Someone is blackmailing the CIA by assassinating foreign journalists and making it look like the agency is responsible. As the world begins to unite against the U.S., the CIA must lure its most brilliant – and rebellious – operative out of retirement, forcing him to confront his checkered past while unraveling an international conspiracy.
Hey there, movie lovers, it's your friendly neighborhood critic, Dan, and I've just witnessed a cinematic masterpiece that's so wild, you'll wonder if the CIA themselves were behind it. Enter "The Bricklayer," a movie that's like James Bond had a baby with a wrecking ball and named it Aaron Eckhart! Buckle up, folks, 'cause we're diving headfirst into this action-packed extravaganza.
First things first, let's talk about our star-studded cast. Aaron Eckhart, the man who gave us that iconic two-faced villain in "The Dark Knight," is back in action. And by action, I mean he's getting tossed around like a ragdoll throughout this movie. I've never seen a man take so much punishment and still look like he walked out of a GQ photoshoot. Bravo, Aaron, bravo!
Then we have the lovely Nina Dobrev, who you might remember from "The Vampire Diaries."
She plays the role of our heroine, and let me tell you, she's no superhero. She's more like the rest of us trying to adult – stumbling and learning along the way. Props to the filmmakers for not making her an instant badass, but seriously, why do they keep casting young women in roles that would take decades to acquire? Are there no middle-aged female spies out there?
Oh, and Clifton Collins Jr., the guy with that unforgettable face you've seen in a zillion movies but probably can't put a name to. Trust me, he's the glue holding this whole thing together.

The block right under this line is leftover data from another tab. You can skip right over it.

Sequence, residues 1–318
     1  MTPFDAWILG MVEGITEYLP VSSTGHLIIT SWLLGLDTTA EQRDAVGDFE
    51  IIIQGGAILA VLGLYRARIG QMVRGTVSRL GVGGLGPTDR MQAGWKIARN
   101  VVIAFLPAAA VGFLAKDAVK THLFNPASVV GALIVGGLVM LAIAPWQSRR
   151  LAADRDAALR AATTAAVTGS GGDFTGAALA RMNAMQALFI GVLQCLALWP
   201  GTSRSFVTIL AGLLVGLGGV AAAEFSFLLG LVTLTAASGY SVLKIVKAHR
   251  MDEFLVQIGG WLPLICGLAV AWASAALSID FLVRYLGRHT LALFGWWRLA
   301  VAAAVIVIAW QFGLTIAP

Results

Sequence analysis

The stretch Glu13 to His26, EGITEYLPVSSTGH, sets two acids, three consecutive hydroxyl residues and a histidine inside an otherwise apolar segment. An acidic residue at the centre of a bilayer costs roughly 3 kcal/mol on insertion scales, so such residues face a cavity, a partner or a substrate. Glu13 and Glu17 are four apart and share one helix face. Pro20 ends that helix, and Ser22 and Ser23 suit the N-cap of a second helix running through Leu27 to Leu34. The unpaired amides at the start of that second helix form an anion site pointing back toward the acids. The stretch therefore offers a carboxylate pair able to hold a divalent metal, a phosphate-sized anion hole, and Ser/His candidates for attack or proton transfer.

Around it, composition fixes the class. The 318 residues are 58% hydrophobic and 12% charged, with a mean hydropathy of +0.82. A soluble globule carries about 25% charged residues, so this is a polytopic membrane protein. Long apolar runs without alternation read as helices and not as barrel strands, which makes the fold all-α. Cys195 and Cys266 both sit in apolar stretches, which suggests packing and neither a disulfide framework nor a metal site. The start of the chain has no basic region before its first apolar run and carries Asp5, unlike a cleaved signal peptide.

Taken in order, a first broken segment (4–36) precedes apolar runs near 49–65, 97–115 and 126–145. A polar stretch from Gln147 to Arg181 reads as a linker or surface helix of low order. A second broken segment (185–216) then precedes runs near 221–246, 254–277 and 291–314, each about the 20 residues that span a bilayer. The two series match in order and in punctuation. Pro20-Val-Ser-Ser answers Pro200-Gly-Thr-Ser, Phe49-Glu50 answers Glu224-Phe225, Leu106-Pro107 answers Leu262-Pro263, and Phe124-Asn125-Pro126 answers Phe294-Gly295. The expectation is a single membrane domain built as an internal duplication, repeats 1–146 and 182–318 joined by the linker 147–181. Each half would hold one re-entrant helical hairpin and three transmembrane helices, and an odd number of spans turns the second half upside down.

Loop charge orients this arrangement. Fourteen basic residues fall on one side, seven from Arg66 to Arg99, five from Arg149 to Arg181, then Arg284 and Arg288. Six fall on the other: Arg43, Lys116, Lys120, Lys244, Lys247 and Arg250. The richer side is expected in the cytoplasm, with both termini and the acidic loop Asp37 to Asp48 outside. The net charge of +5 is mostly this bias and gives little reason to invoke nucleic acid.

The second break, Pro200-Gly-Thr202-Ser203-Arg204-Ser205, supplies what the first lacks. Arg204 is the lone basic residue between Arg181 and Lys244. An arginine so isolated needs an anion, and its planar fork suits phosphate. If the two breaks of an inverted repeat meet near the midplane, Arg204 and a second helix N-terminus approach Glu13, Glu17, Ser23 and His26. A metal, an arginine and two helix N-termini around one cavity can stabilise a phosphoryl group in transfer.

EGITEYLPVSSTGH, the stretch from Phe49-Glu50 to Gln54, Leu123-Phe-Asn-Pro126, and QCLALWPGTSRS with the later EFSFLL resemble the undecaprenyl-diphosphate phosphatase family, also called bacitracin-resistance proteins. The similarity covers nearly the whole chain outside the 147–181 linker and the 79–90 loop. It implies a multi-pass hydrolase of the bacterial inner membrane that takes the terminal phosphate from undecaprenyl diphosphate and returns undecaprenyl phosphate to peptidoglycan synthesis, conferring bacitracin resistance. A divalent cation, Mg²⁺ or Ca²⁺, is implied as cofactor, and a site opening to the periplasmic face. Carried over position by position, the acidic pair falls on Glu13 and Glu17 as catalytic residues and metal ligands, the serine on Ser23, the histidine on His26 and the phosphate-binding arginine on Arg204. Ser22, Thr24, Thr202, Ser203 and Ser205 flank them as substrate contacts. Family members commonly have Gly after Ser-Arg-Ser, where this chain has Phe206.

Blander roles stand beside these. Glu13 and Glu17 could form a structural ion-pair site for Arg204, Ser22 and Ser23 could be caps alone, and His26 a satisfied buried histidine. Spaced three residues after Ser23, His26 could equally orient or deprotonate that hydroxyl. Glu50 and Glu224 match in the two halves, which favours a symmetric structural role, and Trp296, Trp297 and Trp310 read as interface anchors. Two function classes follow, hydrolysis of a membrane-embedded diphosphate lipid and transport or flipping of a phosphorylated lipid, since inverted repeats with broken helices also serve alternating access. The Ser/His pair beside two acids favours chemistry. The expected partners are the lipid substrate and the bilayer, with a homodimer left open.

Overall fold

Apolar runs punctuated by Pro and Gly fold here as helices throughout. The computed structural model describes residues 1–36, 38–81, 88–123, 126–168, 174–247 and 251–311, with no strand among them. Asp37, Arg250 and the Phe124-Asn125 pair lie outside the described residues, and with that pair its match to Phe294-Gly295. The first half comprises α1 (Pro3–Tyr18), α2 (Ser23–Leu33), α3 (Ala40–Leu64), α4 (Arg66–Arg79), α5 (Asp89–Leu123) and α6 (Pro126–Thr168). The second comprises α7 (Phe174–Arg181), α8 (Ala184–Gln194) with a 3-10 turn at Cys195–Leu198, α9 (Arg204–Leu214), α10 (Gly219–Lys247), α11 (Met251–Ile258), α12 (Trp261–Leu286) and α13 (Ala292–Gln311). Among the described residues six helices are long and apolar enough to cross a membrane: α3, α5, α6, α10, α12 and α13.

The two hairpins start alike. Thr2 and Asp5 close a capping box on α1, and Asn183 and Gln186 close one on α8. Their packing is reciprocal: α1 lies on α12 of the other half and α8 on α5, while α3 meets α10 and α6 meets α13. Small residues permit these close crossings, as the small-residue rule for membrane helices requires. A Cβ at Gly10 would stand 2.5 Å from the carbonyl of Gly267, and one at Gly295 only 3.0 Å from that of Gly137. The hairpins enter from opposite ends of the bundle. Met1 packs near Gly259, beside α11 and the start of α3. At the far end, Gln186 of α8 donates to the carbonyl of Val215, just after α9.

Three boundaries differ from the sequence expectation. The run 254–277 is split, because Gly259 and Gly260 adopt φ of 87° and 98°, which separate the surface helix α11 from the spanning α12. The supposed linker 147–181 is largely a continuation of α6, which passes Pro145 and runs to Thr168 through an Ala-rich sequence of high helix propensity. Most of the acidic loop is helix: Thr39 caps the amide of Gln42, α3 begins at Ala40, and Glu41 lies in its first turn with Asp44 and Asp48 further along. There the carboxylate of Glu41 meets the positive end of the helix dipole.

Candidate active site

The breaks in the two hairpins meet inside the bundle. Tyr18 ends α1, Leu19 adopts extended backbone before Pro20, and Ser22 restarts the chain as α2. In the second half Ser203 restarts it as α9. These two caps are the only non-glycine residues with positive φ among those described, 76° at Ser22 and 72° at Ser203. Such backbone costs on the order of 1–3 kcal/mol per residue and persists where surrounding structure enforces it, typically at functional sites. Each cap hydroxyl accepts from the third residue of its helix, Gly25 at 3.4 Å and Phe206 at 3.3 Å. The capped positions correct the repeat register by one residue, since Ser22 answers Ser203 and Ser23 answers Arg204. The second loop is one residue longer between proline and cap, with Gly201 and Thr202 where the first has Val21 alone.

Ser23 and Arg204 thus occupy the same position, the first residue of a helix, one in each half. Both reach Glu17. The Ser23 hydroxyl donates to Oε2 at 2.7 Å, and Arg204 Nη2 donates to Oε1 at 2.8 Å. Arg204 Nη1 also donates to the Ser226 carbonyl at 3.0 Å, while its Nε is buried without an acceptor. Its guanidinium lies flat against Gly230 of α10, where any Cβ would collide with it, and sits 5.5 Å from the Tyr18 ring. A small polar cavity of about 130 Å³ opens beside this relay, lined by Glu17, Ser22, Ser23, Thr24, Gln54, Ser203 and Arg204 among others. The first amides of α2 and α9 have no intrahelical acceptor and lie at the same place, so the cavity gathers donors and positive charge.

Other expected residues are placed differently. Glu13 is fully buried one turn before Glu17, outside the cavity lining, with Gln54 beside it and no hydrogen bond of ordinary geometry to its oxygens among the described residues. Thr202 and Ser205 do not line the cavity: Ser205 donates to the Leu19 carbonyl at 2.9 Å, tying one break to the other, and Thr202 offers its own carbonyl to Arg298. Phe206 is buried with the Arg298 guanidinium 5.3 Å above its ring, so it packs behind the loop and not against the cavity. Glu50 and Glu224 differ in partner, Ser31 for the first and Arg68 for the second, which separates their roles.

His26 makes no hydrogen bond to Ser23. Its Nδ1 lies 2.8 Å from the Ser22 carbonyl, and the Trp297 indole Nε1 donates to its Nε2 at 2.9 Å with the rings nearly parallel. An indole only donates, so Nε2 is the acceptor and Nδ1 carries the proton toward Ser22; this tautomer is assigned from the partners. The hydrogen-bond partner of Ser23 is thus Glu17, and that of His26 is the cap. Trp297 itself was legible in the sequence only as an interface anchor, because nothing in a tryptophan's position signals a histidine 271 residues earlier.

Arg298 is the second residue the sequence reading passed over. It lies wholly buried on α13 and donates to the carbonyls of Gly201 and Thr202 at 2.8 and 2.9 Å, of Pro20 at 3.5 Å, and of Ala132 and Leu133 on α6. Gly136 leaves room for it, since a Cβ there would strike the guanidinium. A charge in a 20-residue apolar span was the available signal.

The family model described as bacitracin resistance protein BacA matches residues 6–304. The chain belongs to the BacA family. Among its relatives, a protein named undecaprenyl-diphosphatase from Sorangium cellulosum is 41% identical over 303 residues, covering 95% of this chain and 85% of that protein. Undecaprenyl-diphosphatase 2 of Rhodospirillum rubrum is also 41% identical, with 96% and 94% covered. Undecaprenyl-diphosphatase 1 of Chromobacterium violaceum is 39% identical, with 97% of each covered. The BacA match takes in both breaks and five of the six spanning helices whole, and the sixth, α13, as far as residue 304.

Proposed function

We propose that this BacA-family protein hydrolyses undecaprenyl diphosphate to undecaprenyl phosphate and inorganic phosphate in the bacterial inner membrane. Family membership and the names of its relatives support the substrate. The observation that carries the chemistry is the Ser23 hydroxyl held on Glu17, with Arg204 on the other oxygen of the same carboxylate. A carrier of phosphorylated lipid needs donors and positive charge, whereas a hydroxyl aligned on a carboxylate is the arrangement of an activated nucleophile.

Now, onto the trailer – it's got more explosions than a Fourth of July fireworks display! After watching it, I was convinced the CIA's new motto was "Blow stuff up and ask questions later." But hey, isn't that what action movies are all about?
As for the plot, picture this: Someone is blackmailing the CIA by assassinating foreign journalists and making it look like the agency is responsible. The world is uniting against the U.S., and the CIA needs to bring back their most brilliant – and rebellious – operative, Aaron Eckhart, out of retirement. They throw him back into the game, and he's got to confront his checkered past while untangling a conspiracy bigger than my Christmas light mess.
What I liked about "The Bricklayer" is that it doesn't shy away from making our heroes suffer. Aaron Eckhart's character gets beaten up so much you'd think he was auditioning for a WWE match. It makes the whole thing more believable. And Nina Dobrev's character? She's not an instant superstar; she actually has to learn on the job. Kudos for realism, folks!
But let's not kid ourselves; this isn't going to win any awards for originality. The plot twists are about as subtle as a sledgehammer to the face. Still, who cares when there's revenge involved? Revenge is like the cherry on top of an action movie sundae – it's always delicious.
Now, let's talk about the age-old trope that bothers me to no end – why do women in action movies always have to prove they're as good as the men? It's 2024, people! We've seen Wonder Woman, Black Widow, and Captain Marvel kick some serious butt. Can we please give female characters the respect they deserve without making it a whole subplot?
And speaking of respect, director Renny Harlin had nothing but praise for the actors doing their own stunts. Well, Renny, I hope they got hazard pay for the beating they took!
Now, here's a little fun fact for you eagle-eyed viewers. Apparently, the CIA has a spelling problem. Two glaring spelling errors popped up in the movie. One document said "priviledged" instead of "privileged," and Nina Dobrev's character reviewed it on her laptop during a flight to Greece. The other gem was a paper file that said "Informatiion" instead of "Information." Hey, CIA, if you need a proofreader, I'm available!
Alright, folks, it's time for the moment you've all been waiting for – the ranking. Drumroll, please... I give "The Bricklayer" a solid 6.7/10! It's not the best action movie out there, but it sure does the job well enough to satisfy your action void.